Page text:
Vice President Pence is reportedly working to win over Republican donors who opposed President TrumpDonald John TrumpSenate advances public lands bill in late-night vote Warren, Democrats urge Trump to back down from veto threat over changing Confederate-named bases Esper orders ‘After Action Review’ of National Guard’s role in protests MORE in 2016.
On Monday evening, Pence met for dinner with donors including hedge fund manager Paul Singer and Arkansas investment banker Warren Stephens, both of whom previously donated heavily to efforts seeking to keep Trump from winning the Republican nomination, according to Politico.
Pence has also lobbied organizations such as the anti-tax Club for Growth, which aired anti-Trump ads in the 2016 primaries.
“What I’ve seen the vice president do is, if you will, translate Trump and what the administration stands for into language that conservatives not only feel comfortable with but embrace as the agenda they want to see,” Club for Growth President David McIntosh told the publication.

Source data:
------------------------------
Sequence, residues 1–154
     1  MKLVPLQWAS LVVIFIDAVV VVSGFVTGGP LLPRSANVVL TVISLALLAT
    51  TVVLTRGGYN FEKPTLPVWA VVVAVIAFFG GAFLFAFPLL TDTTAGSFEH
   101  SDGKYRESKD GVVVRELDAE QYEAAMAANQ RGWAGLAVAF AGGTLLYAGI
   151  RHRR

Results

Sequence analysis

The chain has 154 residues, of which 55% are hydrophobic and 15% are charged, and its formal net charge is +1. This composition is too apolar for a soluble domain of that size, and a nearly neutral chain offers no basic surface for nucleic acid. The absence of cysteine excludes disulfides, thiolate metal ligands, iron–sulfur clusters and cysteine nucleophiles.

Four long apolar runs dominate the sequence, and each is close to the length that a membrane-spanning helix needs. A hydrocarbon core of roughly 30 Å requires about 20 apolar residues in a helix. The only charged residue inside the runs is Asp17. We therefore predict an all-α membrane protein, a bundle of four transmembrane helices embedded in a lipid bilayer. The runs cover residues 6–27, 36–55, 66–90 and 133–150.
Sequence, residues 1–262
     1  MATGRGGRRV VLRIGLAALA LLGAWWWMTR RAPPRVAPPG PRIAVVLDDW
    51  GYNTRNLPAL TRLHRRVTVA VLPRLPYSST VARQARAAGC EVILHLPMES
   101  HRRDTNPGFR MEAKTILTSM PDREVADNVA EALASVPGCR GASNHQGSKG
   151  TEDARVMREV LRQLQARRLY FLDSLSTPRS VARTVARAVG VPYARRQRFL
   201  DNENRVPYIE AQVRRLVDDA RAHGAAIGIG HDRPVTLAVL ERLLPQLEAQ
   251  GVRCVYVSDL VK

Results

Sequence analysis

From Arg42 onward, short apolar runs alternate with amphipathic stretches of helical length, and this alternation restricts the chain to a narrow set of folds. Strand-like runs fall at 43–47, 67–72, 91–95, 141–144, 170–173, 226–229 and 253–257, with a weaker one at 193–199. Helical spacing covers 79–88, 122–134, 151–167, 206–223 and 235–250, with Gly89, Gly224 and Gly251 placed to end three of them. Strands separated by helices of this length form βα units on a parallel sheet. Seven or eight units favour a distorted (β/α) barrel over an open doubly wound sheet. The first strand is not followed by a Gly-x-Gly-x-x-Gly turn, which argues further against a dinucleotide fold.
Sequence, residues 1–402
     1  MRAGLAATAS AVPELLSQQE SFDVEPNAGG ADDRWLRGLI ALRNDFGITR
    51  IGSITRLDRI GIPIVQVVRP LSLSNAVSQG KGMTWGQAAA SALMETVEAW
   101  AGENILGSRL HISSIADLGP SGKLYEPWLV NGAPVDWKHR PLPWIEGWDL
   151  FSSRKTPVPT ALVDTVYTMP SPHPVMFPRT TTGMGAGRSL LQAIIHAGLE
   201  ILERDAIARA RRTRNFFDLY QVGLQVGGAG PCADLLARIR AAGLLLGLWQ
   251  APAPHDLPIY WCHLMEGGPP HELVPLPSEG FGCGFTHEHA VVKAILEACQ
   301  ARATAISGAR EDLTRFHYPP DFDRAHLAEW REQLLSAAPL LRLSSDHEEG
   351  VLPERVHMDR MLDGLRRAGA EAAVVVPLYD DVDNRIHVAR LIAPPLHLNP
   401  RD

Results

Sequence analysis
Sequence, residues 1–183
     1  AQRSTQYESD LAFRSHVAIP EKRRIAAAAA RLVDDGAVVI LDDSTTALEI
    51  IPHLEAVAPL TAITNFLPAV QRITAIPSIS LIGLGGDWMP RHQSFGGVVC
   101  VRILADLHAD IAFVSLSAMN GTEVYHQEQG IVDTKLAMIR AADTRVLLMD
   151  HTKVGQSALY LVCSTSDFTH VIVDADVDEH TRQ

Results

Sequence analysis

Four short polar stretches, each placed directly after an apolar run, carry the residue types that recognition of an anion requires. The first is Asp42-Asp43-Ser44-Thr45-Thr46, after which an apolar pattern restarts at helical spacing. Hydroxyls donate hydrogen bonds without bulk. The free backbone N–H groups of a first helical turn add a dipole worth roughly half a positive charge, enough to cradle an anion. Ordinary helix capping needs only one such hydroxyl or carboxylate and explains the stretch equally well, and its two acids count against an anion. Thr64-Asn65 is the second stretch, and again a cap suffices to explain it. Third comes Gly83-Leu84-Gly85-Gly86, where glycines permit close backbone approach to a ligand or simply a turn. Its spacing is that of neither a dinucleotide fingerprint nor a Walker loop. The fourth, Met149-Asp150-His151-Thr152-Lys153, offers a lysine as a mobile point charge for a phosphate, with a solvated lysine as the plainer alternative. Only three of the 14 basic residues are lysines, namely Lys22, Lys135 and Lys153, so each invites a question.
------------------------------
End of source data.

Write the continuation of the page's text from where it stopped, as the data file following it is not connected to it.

Former Vice President Dick Cheney was reportedly less receptive to Pence, blasting Trump’s foreign policy to Pence’s face at the March American Enterprise Summit in Georgia and saying the administration’s approach “looks a lot more like Barack ObamaBarack Hussein ObamaHarris grapples with defund the police movement amid veep talk Five ways America would take a hard left under Joe Biden Valerie Jarrett: ‘Democracy depends upon having law enforcement’ MORE than Ronald Reagan.”
Pence has been working to woo Trump-skeptical Republicans since shortly after Trump’s inauguration, according to Politico, hosting policy briefings attended by donors to anti-Trump super PACs and figures associated with the Koch political network, which did not lobby for either candidate in 2016.
“The conventional wisdom and the quote ‘word on the street’ in November of 2016 through spring of 2017 was that if you publicly criticized Donald Trump as a candidate, you need not apply to a position. You won’t be considered, you won’t be invited to the White House Christmas party or anything else,” Art Pope, a Koch-associated donor who withheld support from Trump in 2016, told Politico. “That is not the conventional wisdom now.”
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